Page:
All of the last eight years were the warmest on record, data shows

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All of the last eight years were the warmest on record, government data shows

Even the cold years are hot now. A slew of new data and reports released this week demonstrates that 2022 was either the fifth or sixth warmest year in the historical record — but the last eight years all rank somewhere in the eight hottest ever measured.

Last year ranked highly despite the presence of the Pacific Ocean weather pattern known as La Niña, which helps cool the globe. And the U.S. and the world remain far off track in trying to fix the deepening planetary warming crisis.

“The last eight [years] clearly stand above the rest of the record,” said Russell Vose, a scientist with the National Oceanic and Atmospheric Administration’s (NOAA) National Centers for Environmental Information, during a Thursday press briefing on NOAA and NASA’s joint reports on 2022′s global climate. “The last eight years, they really do stand apart.”

NOAA found that last year ranked as the sixth-warmest year in its record dating to 1880, at 0.86 degrees Celsius (1.55 degrees Fahrenheit) above the 20th-century average. NASA ranked it slightly higher, in a statistical tie with 2015 for fifth warmest, at 0.89 degrees C (1.6 degrees F) above a 1951 to 1980 baseline. The two science agencies use slightly different methods to determine the global average temperatures, though the longer-term temperature trends those methods find are essentially the same.

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Last year featured La Niña conditions in the tropical Pacific Ocean, which tends to bring global temperatures down. In fact, NASA estimates that La Niña brought the global average down by 0.06 C; the opposite weather pattern known as El Niño has bumped global averages up by as much as 0.11 C in recent years, such as 2016, the warmest year ever recorded. If you remove the effects of La Niña, 2022 would have gone down as the second-warmest year in the record books.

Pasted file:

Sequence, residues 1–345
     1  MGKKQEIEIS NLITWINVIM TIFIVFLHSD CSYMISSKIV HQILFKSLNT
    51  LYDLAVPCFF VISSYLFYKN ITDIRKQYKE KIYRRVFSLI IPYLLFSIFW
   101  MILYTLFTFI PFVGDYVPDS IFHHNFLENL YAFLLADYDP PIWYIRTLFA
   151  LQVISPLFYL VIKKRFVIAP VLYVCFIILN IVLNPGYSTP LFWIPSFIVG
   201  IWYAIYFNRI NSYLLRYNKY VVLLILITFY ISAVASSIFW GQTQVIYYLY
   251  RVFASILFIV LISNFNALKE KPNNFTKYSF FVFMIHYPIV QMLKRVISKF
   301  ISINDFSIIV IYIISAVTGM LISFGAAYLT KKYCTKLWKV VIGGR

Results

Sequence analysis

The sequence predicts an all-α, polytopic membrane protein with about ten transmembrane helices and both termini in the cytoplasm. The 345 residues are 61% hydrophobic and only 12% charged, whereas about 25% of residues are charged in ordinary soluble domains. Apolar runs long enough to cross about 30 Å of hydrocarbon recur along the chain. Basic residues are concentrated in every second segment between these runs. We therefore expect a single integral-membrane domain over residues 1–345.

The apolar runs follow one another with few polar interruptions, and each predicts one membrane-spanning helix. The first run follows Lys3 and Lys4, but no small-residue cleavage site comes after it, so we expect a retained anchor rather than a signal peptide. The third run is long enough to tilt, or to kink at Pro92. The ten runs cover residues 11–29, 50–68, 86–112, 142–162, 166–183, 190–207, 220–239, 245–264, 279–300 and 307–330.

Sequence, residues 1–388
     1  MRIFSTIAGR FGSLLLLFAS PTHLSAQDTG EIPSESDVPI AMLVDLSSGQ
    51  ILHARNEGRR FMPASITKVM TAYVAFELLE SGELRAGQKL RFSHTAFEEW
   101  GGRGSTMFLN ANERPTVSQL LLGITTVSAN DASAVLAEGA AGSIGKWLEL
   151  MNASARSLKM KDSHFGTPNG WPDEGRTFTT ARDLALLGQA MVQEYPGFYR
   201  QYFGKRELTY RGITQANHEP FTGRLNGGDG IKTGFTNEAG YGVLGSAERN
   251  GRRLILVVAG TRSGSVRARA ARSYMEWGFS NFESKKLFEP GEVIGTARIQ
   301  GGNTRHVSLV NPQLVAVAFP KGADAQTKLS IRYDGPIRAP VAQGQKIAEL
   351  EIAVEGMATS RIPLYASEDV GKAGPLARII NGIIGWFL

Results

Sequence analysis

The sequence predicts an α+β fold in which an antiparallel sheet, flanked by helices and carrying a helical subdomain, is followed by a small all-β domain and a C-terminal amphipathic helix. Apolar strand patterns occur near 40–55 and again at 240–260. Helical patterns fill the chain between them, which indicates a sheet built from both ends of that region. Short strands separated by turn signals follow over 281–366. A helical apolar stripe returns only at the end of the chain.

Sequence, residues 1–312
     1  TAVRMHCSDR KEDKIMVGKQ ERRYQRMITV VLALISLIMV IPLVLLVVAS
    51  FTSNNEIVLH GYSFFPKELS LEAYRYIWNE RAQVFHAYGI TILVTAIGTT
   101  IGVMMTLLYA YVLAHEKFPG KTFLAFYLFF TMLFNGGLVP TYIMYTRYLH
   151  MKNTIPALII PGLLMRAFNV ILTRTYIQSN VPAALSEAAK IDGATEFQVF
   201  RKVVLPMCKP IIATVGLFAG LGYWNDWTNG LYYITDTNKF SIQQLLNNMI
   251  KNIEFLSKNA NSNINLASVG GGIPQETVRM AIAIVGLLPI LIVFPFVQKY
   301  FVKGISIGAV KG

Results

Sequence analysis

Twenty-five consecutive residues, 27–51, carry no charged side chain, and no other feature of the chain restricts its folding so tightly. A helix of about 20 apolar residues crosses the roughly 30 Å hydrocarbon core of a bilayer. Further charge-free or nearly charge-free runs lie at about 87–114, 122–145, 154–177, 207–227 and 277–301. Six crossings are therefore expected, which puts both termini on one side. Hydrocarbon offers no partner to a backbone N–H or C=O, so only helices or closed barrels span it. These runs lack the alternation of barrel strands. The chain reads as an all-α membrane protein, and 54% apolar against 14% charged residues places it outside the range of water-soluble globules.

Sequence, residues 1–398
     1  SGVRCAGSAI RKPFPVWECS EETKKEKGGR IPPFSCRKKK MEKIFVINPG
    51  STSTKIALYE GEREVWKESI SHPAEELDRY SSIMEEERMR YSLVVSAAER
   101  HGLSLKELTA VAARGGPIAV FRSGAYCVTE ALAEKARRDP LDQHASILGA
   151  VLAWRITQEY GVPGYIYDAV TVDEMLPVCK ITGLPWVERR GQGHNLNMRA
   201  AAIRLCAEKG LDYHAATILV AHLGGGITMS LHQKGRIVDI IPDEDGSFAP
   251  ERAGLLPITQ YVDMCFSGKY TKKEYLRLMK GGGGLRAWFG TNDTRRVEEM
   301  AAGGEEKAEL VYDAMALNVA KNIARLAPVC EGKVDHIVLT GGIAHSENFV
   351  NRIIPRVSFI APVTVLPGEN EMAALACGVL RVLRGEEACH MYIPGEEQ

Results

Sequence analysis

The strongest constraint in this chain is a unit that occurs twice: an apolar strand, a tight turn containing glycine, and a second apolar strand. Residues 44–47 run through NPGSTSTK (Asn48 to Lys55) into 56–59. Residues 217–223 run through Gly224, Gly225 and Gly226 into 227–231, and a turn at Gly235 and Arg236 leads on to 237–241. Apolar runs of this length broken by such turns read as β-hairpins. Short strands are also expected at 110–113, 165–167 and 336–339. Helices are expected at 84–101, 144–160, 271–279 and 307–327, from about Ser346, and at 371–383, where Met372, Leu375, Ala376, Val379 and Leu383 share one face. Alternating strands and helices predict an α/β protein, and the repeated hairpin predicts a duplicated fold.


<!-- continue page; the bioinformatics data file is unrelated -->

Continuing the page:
“This is, of course, the warmest La Niña year in the record,” said Gavin Schmidt, director of the NASA Goddard Institute for Space Studies.

And while it was not the hottest year ever recorded, 2022 was marked by a cavalcade of extreme weather events — from the record-breaking and deadly heat wave in India and Pakistan to Hurricane Ian’s destructive rains in the southeast U.S.

According to a NOAA analysis released last week, 2022 was the “third-wildest” year for extreme weather events in the U.S. The country recorded 18 weather- and climate-related disasters that caused losses of at least $1 billion each, along with a collective death toll of at least 474.

Warmer, everywhere

Other organizations have echoed the NOAA and NASA findings in recent days. The independent nonprofit research organization Berkeley Earth also slotted 2022 in at fifth in the rankings, though the group also noted that it was in a statistical tie with 2015. The United Kingdom’s Met Office ranked it sixth and noted that this was the ninth consecutive year with a global average temperature more than 1 C (1.8 F) above the preindustrial average from 1850 to 1900. The World Meteorological Organization placed it either fifth or sixth and stressed as well that the last eight years have been the eight warmest years ever.

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Regionally, a number of places saw records fall even as the global averages only scraped the edge of the top five warmest years. Berkeley Earth noted that 28 countries experienced their warmest ever year, including much of western Europe.

“This means a substantial fraction of the world’s population has just lived through the warmest year in their local history — with disruptive and sometimes even deadly consequences,” said the organization’s lead scientist Robert Rohde in a statement.